Thursday, November 20, 2014

Acute Moist Dermatitis/Hot spots

“Hot spots,” also called acute pyoderma, acute moist pyotraumatic dermatitis (AMPD) and acute moist dermatitis, are rapidly developing sores under the hair coat. They are common in thick-coated or long-haired dogs, less so in cats. They most often develop in areas where the hair coat is heavy, such as the back, tail base, and side of the thigh, neck, or face. Hot spots tend to occur more frequently in hot, humid weather. The dog often will scratch or chew at the area, although it can be quite painful (the condition is also called pyotraumatic dermatitis for this reason). When the hair is parted, the skin is seen to be moist and reddened. A pus-like discharge coats the skin and the base of the hairs.
Hot spots begin with a superficial skin injury that causes some moisture to be caught under the hair coat. Bacteria grow in the fluid, causing more skin inflammation, and the affected area rapidly expands as more fluid oozes from the skin, promoting more bacterial growth.


The speed of onset of hot spots is often striking, and a large and painful lesion can develop from previously normal skin in a few hours. Fortunately, other than being uncomfortable, hot spots are not life-threatening and they tend to heal very well.

Thursday, November 6, 2014

Acral Lick Dermatitis

Acral lick dermatitis, also known as lick granuloma, is a self-induced skin lesion. The term acral refers to the legs and feet. Acral lick dermatitis mainly is a problem of dogs, rarely cats. The dog continually licks at one area of the leg, producing hair loss, sores, and thickening of the skin. Typical appearance is a raised, red, hairless, oval patch of skin or skin lump found over the front surface of one leg. Occasionally, more than one leg may be affected. The most common locations are over or near the carpus (“wrist”) of the front foot or just below or above the hock on the rear leg. Breeds most likely to develop acral lick dermatitis include the Doberman pinscher, Great Dane, Labrador retriever, Irish setter, golden retriever, and German shepherd, but any breed of dog can be affected.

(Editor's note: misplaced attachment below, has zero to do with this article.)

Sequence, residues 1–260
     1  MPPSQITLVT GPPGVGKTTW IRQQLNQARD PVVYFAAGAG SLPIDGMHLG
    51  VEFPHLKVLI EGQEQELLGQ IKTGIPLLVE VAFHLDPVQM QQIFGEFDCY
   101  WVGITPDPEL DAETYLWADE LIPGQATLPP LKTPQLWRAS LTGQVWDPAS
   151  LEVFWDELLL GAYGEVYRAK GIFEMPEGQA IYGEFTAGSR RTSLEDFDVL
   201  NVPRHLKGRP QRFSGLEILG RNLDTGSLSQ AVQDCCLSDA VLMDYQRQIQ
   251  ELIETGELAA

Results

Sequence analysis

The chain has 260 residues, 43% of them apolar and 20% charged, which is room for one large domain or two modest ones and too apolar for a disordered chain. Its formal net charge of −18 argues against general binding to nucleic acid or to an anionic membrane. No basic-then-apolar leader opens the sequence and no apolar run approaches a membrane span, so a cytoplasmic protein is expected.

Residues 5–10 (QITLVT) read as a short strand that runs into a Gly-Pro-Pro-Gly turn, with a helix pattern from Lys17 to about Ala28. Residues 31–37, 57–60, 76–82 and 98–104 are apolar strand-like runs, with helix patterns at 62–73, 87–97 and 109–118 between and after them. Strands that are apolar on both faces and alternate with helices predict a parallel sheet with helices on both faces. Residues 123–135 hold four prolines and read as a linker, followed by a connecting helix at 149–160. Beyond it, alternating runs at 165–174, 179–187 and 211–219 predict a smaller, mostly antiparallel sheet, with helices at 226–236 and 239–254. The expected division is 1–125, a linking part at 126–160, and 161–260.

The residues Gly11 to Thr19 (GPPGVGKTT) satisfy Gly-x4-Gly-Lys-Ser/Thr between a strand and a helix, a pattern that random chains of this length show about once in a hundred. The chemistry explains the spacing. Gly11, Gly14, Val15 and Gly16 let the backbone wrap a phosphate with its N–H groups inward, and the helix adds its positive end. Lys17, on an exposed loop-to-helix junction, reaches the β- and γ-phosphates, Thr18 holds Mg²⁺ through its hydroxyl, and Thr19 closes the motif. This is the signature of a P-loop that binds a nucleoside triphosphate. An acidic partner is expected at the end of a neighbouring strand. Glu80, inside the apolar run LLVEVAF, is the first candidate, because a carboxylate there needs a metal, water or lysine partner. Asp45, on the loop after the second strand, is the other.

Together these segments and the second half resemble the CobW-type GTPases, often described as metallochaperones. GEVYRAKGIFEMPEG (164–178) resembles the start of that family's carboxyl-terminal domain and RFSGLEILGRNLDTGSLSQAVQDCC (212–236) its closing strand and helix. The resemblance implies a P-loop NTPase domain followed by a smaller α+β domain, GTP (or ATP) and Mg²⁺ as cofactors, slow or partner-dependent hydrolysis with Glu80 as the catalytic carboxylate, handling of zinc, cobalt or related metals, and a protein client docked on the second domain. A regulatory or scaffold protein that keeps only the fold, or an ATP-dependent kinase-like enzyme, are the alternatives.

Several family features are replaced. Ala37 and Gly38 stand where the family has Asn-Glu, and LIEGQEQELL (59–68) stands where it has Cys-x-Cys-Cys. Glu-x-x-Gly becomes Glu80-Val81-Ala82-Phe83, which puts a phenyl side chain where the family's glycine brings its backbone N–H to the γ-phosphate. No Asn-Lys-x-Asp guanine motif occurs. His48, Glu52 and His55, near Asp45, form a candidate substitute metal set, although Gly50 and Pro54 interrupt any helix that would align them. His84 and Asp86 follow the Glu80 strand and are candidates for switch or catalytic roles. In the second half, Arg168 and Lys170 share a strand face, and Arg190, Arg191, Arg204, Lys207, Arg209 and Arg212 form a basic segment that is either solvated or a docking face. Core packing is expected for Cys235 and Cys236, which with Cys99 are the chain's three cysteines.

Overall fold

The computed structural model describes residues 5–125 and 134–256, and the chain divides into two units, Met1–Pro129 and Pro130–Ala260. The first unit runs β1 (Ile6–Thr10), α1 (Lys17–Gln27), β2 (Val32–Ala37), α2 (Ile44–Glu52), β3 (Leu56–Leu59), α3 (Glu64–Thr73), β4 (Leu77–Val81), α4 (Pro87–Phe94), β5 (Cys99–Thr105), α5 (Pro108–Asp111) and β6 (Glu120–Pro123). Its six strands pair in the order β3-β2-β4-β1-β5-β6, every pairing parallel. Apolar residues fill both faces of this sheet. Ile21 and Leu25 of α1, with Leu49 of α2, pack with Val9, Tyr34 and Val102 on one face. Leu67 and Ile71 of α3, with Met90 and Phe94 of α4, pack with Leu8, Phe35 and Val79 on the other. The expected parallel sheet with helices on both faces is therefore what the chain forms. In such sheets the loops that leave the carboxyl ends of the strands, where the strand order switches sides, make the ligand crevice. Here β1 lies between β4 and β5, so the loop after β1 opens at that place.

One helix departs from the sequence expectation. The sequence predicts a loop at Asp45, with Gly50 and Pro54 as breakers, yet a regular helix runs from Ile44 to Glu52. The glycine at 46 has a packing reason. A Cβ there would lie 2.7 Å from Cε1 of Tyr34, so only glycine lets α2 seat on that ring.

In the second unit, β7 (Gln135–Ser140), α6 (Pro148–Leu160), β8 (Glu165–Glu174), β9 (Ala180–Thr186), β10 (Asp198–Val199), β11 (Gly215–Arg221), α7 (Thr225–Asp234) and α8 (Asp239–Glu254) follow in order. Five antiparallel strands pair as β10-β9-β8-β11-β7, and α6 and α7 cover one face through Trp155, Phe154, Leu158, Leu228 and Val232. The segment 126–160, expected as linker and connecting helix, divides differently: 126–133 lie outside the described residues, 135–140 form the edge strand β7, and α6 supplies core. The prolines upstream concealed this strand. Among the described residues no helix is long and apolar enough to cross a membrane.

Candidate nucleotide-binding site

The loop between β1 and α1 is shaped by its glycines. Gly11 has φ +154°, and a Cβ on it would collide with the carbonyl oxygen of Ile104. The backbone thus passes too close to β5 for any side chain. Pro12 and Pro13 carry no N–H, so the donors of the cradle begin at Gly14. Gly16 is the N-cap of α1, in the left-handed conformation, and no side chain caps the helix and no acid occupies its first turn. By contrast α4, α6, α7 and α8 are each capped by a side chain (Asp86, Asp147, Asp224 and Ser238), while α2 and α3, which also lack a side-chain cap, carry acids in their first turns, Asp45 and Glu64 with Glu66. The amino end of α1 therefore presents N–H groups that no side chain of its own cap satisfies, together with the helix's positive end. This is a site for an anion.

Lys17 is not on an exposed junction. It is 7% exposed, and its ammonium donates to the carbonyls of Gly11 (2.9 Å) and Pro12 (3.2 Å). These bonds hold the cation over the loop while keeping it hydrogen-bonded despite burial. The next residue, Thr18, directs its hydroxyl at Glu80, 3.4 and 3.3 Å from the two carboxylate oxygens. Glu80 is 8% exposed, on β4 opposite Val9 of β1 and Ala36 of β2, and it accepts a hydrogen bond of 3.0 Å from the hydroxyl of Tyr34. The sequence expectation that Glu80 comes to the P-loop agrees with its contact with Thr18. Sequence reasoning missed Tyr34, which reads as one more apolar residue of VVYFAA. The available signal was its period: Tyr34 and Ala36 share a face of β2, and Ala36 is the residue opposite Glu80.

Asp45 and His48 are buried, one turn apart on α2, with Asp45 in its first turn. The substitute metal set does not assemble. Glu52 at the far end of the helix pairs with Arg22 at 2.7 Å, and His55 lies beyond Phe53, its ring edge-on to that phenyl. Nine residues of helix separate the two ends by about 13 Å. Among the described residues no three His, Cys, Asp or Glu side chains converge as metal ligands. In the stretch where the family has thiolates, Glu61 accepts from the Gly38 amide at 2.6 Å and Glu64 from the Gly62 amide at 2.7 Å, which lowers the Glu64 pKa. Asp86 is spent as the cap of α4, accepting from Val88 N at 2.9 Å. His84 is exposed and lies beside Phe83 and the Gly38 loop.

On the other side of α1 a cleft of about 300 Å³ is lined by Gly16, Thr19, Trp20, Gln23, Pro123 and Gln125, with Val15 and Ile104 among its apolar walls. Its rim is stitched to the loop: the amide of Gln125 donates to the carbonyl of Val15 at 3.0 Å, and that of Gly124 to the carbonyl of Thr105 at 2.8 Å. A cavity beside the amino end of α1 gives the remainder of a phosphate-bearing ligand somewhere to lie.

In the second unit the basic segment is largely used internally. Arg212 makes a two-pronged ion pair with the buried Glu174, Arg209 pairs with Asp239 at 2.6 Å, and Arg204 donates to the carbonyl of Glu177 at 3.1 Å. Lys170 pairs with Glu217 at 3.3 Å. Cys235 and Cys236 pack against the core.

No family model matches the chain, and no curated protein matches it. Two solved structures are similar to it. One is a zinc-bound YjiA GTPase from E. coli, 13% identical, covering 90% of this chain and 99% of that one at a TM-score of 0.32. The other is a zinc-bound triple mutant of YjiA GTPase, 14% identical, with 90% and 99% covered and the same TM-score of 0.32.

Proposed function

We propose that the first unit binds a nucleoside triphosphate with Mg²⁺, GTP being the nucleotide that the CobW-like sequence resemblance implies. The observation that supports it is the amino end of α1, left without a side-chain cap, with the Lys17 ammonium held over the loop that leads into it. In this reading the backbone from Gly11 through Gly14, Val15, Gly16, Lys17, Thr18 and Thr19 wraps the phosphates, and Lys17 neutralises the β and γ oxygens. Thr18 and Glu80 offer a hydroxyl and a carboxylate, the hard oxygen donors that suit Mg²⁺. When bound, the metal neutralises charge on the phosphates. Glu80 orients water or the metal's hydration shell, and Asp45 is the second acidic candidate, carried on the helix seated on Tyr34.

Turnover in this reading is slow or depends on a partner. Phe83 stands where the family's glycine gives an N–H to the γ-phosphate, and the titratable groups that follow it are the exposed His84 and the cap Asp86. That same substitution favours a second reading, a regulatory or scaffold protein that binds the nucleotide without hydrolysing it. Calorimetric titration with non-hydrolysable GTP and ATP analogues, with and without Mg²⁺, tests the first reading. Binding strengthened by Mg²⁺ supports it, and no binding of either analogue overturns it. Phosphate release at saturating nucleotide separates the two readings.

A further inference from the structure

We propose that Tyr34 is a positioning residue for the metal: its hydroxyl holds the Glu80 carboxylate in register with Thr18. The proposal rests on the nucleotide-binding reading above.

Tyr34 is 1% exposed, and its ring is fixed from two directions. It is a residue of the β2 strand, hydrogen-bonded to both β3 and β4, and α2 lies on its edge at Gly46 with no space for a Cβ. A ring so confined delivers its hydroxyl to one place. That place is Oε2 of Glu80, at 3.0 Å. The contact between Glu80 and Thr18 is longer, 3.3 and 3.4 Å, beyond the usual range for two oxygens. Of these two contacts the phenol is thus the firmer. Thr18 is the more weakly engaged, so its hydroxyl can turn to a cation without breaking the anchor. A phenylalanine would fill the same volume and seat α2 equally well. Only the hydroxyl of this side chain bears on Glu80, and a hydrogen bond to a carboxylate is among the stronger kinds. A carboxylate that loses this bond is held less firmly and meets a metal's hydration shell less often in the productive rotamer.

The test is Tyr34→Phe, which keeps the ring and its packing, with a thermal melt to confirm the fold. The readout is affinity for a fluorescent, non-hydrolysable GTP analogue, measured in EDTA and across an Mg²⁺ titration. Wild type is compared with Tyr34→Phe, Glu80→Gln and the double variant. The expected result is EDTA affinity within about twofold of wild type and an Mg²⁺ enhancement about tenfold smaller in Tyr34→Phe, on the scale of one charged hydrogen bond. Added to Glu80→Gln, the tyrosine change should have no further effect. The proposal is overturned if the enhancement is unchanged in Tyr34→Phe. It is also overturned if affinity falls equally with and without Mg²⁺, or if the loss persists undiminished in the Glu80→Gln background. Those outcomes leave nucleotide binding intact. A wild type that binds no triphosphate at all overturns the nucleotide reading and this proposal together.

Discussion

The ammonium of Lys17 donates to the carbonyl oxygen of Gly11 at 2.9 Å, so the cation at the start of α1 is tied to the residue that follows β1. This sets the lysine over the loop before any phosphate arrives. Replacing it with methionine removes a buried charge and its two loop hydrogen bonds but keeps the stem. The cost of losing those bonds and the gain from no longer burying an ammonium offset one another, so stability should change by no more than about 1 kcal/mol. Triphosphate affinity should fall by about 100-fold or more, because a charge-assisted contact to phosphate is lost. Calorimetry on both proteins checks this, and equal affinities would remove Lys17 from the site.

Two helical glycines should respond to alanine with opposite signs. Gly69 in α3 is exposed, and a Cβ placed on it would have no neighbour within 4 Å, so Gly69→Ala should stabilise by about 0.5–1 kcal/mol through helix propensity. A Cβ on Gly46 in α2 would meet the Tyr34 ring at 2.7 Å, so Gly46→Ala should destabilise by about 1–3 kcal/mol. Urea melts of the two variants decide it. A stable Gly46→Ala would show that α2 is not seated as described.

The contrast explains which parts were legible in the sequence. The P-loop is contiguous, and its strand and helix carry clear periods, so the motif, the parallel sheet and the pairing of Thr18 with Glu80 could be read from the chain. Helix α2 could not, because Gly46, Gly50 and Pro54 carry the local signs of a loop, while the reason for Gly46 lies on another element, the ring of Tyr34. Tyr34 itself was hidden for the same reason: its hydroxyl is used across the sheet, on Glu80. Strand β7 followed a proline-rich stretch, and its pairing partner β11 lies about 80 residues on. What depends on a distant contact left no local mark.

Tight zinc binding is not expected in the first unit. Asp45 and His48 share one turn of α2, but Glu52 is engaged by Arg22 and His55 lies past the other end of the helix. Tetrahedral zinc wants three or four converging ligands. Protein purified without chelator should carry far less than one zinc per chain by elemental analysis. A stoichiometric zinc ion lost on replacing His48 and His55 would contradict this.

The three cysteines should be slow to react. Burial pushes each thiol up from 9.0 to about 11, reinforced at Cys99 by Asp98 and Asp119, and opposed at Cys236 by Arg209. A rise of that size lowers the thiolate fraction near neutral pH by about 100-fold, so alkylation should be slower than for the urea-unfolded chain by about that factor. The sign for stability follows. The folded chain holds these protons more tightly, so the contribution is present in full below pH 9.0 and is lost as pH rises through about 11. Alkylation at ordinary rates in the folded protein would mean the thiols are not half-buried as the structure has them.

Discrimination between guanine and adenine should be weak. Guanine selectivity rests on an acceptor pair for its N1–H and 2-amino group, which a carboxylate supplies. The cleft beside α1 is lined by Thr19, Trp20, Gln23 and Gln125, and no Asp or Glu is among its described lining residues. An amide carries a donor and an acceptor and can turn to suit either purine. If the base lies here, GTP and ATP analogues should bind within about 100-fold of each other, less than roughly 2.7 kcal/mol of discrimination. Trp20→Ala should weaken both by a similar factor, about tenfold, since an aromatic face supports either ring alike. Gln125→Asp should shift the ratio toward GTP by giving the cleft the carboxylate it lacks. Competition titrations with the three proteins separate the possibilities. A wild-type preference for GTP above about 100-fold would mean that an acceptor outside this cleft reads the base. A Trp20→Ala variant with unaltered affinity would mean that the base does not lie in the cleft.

Males are affected twice as often as females. The condition may appear at any age however most dogs are over 5 years of age when presented for treatment. Although several conditions that cause discomfort of the skin can cause persistent licking, in many dogs with acral lick dermatitis no underlying problem can be found. In these cases, acral lick dermatitis is considered a psychogenic disease; that is, it is caused by a behavioral disorder. For example, sometimes excessive licking or chewing can result from boredom or can be used as attention-seeking behavior; sometimes anxiety is the stimulus for stereotypic behaviors like repetitive licking. Stereotypic behaviors are excessive, repetitive behaviors engaged in to relieve psychological distress such as boredom or anxiety.

Dogs with Different Needs

A dog between the ages of 1 and 6 years of age is considered an adult dog. In general, these dogs need nutrition with controlled levels of phosphorus, sodium, protein and energy.
But different dogs have different needs. In order to determine the unique nutritional needs for your adult dog, assess his activity level. Some questions to consider:
  • Is your dog a hunting, sport or working dog?
  • Does your dog get an average amount of exercise through daily playing and walks?
  • Does your dog have a low activity level and tend to gain weight easily? 



Proper nutrition can also help with problems such as bad breath, sensitive skin or sensitive stomach issues. Labrador retrievers, golden retrievers, Cairn terriers, cocker spaniels, dachshunds, pugs, Shetland sheepdogs, basset hounds and beagles are prone to obesity, so keep breed tendencies in mind when choosing your dog's food.

A common concern for adult dogs is kidney health. Dietary phosphorus, protein and salt excesses may exacerbate the progression of kidney damage that leads to kidney failure and death. Therefore, unbalanced high amounts of phosphorus, protein and salt are all nutritional risk factors. Some commercial pet foods contain excess protein, phosphorus, calcium and salt. These excess nutrients must be excreted through the kidneys and become nutritional risk factors.